The present study deals with antimicrobial activity of ayurvedic drugs containing single herb (Amalaki Choorna and Yastimadhu Choorna) and combination of herbs (DN-90 and Asanadi Kwatha Choorna). Disc diffusion method was used to assess antibacterial activity and antifungal activity was tested using Poison food technique. Absence of bacterial growth around the discs impregnated with the aqueous extracts of drugs and reduction of fungal growth in poisoned plates indicated antimicrobial activity. Further, the results of antibacterial activity of Amalaki choorna were comparable with standard drug Streptomycin. Asanadi Kwatha Choorna inhibited bacteria to more extent than Yastimadhu choorna and DN-90. Among fungi tested, more antifungal activity was observed against Mucor sp. The antimicrobial activity of drugs tested could be due to active principles present in them.
Ayurvedic drugs; antimicrobial activity; inhibition zone; Disc diffusion method; Poison food technique
Cordia dichotoma Forst.f. bark, identified as botanical source of Shlesmataka in Ayurvedic pharmacopoeias. Present study was carried out with an objective to investigate the antibacterial and antifungal potentials of Cordia dichotoma bark. Antibacterial activity of methanol and butanol extracts of the bark was carried out against two gram negative bacteria (Escherichia coli, and Pseudomonas aeruginosa) and two Gram positive bacteria (St. pyogenes and Staphylococcus aureus). The antifungal activity of the extracts was carried out against three common pathogenic fungi (Aspergillus niger, A.clavatus, and Candida albicans). Zone of inhibition of extracts was compared with that of different standards like Amplicilline, Ciprofloxacin, Norfloxacin and Chloramphenicol for antibacterial activity and Nystain and Greseofulvin for antifungal activity. The extracts showed remarkable inhibition of zone of bacterial growth and fungal growth and the results obtained were comparable with that of standards drugs against the organisms tested. The activity of extracts increased linearly with increase in concentration of extract (mg/ml). The results showed the antibacterial and antifungal activity against the organisms tested.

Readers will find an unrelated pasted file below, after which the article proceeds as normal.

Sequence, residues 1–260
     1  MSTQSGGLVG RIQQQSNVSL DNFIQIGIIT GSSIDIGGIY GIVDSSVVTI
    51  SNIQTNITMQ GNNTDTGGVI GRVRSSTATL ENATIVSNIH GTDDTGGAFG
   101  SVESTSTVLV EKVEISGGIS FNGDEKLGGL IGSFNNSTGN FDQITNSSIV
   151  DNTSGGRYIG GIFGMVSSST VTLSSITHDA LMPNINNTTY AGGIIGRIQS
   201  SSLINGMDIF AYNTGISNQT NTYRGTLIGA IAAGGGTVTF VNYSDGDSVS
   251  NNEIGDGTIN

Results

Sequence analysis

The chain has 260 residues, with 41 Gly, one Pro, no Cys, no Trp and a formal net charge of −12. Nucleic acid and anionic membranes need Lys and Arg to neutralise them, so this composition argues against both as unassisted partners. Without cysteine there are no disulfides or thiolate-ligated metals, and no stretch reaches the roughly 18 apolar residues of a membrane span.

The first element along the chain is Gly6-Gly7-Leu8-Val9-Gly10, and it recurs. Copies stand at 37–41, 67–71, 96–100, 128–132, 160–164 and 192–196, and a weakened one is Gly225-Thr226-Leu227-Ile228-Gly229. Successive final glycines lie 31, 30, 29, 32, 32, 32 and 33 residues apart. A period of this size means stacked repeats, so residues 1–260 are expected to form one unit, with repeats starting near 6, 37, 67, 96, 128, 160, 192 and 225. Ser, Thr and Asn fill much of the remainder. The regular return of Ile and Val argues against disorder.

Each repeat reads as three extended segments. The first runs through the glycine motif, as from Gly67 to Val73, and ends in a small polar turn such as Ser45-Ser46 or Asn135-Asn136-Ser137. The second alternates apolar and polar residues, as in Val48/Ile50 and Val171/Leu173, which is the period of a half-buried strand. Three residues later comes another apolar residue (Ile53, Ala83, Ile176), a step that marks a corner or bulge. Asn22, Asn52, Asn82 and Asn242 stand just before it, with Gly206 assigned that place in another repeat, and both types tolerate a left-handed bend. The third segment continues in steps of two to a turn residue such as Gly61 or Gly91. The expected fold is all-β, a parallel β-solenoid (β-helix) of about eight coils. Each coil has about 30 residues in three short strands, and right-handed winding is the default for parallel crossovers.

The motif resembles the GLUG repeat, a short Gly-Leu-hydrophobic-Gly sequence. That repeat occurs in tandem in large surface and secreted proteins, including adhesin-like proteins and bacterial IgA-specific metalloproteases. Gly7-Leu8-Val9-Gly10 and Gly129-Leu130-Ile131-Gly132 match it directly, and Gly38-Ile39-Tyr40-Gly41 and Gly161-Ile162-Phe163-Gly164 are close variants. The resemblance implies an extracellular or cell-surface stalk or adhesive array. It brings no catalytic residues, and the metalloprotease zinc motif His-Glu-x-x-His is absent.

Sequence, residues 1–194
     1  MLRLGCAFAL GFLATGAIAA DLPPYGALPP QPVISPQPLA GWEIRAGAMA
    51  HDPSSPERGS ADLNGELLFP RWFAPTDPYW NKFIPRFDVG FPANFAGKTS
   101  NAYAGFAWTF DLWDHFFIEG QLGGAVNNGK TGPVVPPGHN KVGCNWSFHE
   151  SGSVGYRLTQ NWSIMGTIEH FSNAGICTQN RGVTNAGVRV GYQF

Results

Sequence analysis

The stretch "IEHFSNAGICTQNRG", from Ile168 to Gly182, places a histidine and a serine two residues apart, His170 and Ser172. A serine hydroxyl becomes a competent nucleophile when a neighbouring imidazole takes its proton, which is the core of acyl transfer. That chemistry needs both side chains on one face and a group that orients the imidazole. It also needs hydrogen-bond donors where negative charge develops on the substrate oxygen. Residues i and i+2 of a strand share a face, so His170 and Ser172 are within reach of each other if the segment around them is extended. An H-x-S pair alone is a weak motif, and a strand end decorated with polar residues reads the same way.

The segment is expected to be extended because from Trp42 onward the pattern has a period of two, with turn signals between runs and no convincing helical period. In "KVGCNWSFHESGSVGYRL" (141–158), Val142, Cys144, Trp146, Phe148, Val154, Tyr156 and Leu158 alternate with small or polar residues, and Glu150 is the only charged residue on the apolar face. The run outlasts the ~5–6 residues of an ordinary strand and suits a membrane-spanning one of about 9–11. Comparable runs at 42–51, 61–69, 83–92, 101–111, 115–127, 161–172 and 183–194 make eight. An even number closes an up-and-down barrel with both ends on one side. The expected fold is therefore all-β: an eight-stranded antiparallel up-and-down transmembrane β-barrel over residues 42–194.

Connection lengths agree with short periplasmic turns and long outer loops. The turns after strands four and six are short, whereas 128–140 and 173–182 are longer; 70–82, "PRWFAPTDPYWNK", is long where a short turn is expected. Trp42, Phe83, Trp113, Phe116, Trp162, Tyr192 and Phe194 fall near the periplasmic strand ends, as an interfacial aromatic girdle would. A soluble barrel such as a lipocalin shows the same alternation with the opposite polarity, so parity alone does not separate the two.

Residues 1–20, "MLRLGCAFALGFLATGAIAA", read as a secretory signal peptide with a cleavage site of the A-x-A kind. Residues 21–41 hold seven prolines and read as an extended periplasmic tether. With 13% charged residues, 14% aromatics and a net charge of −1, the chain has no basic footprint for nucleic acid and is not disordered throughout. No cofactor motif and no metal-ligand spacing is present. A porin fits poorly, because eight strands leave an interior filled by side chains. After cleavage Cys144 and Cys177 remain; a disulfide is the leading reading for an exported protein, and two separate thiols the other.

Antibacterial; antifungal; Cordia dichotoma; gram positive; gram negative; in vitro
Plant protease inhibitors (PPIs) are one of the important components of a plant's defense machinery. PPIs are active against the insects and microbes which invade the plant. Cassia species possess anti-insecticidal and antimicrobial properties and this study was aimed at investigating the antibacterial efficacy of a PPI present in the leaves of Cassia fistula. A PPI, fistulin, was isolated from the leaves of C. fistula and purified by gel filtration chromatography. The antibacterial activity of the purified fistulin was studied against five bacterial strains, namely, Bacillus subtilis, Staphylococcus aureus, Klebsiella pneumoniae, Pseudomonas aeruginosa and Escherichia coli. The PPI was found to be very active against S. aureus, E. coli, B. subtilis, and K. pneumonia, and its efficacy was comparable to the standard drug, streptomycin sulphate.
Ten Nigerian plants suggested from their ethnomedical uses to possess antimicrobial and antioxidant activities were studied for their anti-microbial and anti-oxidant properties. Antimicrobial activity was tested against Escherichia coli NCTC 10418, Pseudomonas aeruginosa, Staphylococcus aureus, Bacillus subtilis, Candida albicans, Candida pseudotropicalis and Trichophyton rubrum (clinical isolate). Trichilia heudelotti leaf extract showed both antibacterial and antifungal activities and was the most active against all the strains of bacteria tested. Boerhavia diffusa, Markhamia tomentosa and T. heudelotti leaf extracts inhibited the gram negative bacteria E.coli and P. aeruginosa strains whereas those of M. tomentosa, T. heudelotti and Sphenoceutrum jollyamum root inhibited at least one of the fungi tested. At a concentration of 312 µg/ml, hexane and chloroform fractions of T. heudelotti extract inhibited 6 and 14% of the fifty mult-idrug resistant bacteria isolates from clinical infectins, respectively. At ≤ 5mg/ml, the CHCl3 (64%) and aqueous (22%) fractions of T. heudelotti and those of CHCl3 (34%) and EtOAC (48%) of M. tomentosa gave the highest inhibition that was stronger than their corresponding methanol extracts. The corresponding EC50 of the extracts on M. acuminata, T. heudelotti, E. senegalensis and M. tomentosa were 4.00, 6.50, 13.33, and 16.50 ig/ml using the TLC staining and 1,1-dipheyl-2-picry-hydrazyl (DPPH) free radical scavenging assay. Therefore, leaf extracts of M. tomentosa and T. heudelotti, especially the latter, possess strong antimicrobial and antioxidant activities and should be further investigated. These activities justified the ethnomedical uses of these plants.
Antimicrobial; antifungal; antioxidant properties; Nigerian medicinal plants